September 17th, 2010What is a walled garden?
Social learning is about bringing people and resources together, making meaningful connections between them and enabling discussion. But, as Google Buzz showed, there are limits to the connections that people want to make. Individuals, groups of people, and organisations are all engaged in representation management. There’s some information that we are happy to share with everybody, and some that we want to keep private and there are some discussions that we only want to have with trusted individuals. In the case of The Open University, there is an enormous amount of content that is shared freely via OpenLearn, iTunesU and OUView. At the same time, there are also paid-for courses that you won’t be able to access without registering.
In the case of SocialLearn, we’re aiming to make it as easy as possible to link different resources and different networks. You can sign in to SocialLearn using your Twitter ID, your LinkedIn ID, your Facebook ID and many others. Once you’ve signed in, you can set your privacy levels, and you can join groups with their own privacy levels. On an individual basis this works – but it doesn’t always work on an institutional basis. If another university or organisation joins us, bringing lots of individuals, lots of resources, lots of connections and lots of information, we need a straightforward way for the organisation to manage privacy levels without putting the onus on every student/staff member to deal with this individually. At the same time, we don’t want all those new people cut off from their learning outside that organisation. A related question is, how do we provide minors with safe access to social learning, so that schools can make use of SocialLearn?
We’ve been discussing models for ‘walled gardens’ that allow a high degree of openness and sociability, while allowing us to bring together resources from big providers. Model one is the separate build.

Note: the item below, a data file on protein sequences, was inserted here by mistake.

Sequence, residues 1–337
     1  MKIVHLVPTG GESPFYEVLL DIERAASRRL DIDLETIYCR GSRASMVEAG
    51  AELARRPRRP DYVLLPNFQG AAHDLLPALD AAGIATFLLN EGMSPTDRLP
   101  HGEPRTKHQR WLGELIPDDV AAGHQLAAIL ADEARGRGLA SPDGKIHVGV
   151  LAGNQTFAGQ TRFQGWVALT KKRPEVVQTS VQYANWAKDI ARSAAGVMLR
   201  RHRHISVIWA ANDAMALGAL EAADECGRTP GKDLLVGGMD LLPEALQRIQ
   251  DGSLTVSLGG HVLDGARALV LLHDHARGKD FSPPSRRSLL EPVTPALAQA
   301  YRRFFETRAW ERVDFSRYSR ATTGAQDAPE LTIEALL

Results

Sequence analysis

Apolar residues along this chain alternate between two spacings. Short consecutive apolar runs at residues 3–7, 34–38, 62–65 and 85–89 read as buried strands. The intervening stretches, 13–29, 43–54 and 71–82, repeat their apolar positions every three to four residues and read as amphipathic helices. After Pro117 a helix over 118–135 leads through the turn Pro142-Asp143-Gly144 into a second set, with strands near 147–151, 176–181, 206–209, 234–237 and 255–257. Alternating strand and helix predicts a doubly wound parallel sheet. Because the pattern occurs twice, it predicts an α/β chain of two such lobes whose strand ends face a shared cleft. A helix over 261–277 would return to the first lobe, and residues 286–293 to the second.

Two builds of SocialLearn – one for Organisation X (which might be a university, school or company). They don’t talk to each other, but they are internally sociable. This is straightforward – but an obvious problem is that it negates the need for SocialLearn. People already have their learning divided up into silos – SocialLearn is trying to bring those silos together.
The next model is the internal garden. In this model, the walled garden sits within SocialLearn and forms a subset of it. This is more complicated to construct, because groups are nested within groups. If the wall around the walled garden is impermeable, this is effectively just a more complicated version of separate walled gardens. If the wall is permeable, then is it useful?
The other obvious model is the overlapping garden – where the walled garden sits partly inside and partly outside SocialLearn. Again, the problem is with what this means in practice. How freely can connections be made between SocialLearn and the walled garden? Can learners move from one to the other without effort, or do they have to pass through a gate and get permission from a gatekeeper at each point?
With all the models, we found we were less interested in the location of the wall, than in its doors and windows. How easy will it be to look over the wall, and to see what, and who, is on the other side? Can we wriggle through gaps in the wall, or do we have to go through a single gateway? Are people, information and resources trapped within the walled garden or can they leave with a permit? Can learners invite friends in, or link up with friends outside their garden?
These questions suggest that the visualisations on this page aren’t helpful in the long run, because our concern is not with location, but with connections and with movement. The metaphor of the walled garden proved limiting. We are now trying to visualise the problem in terms of information flow, or in terms of connected networks. We haven’t solved the problem, but we’re clearer about what solving the problem will involve.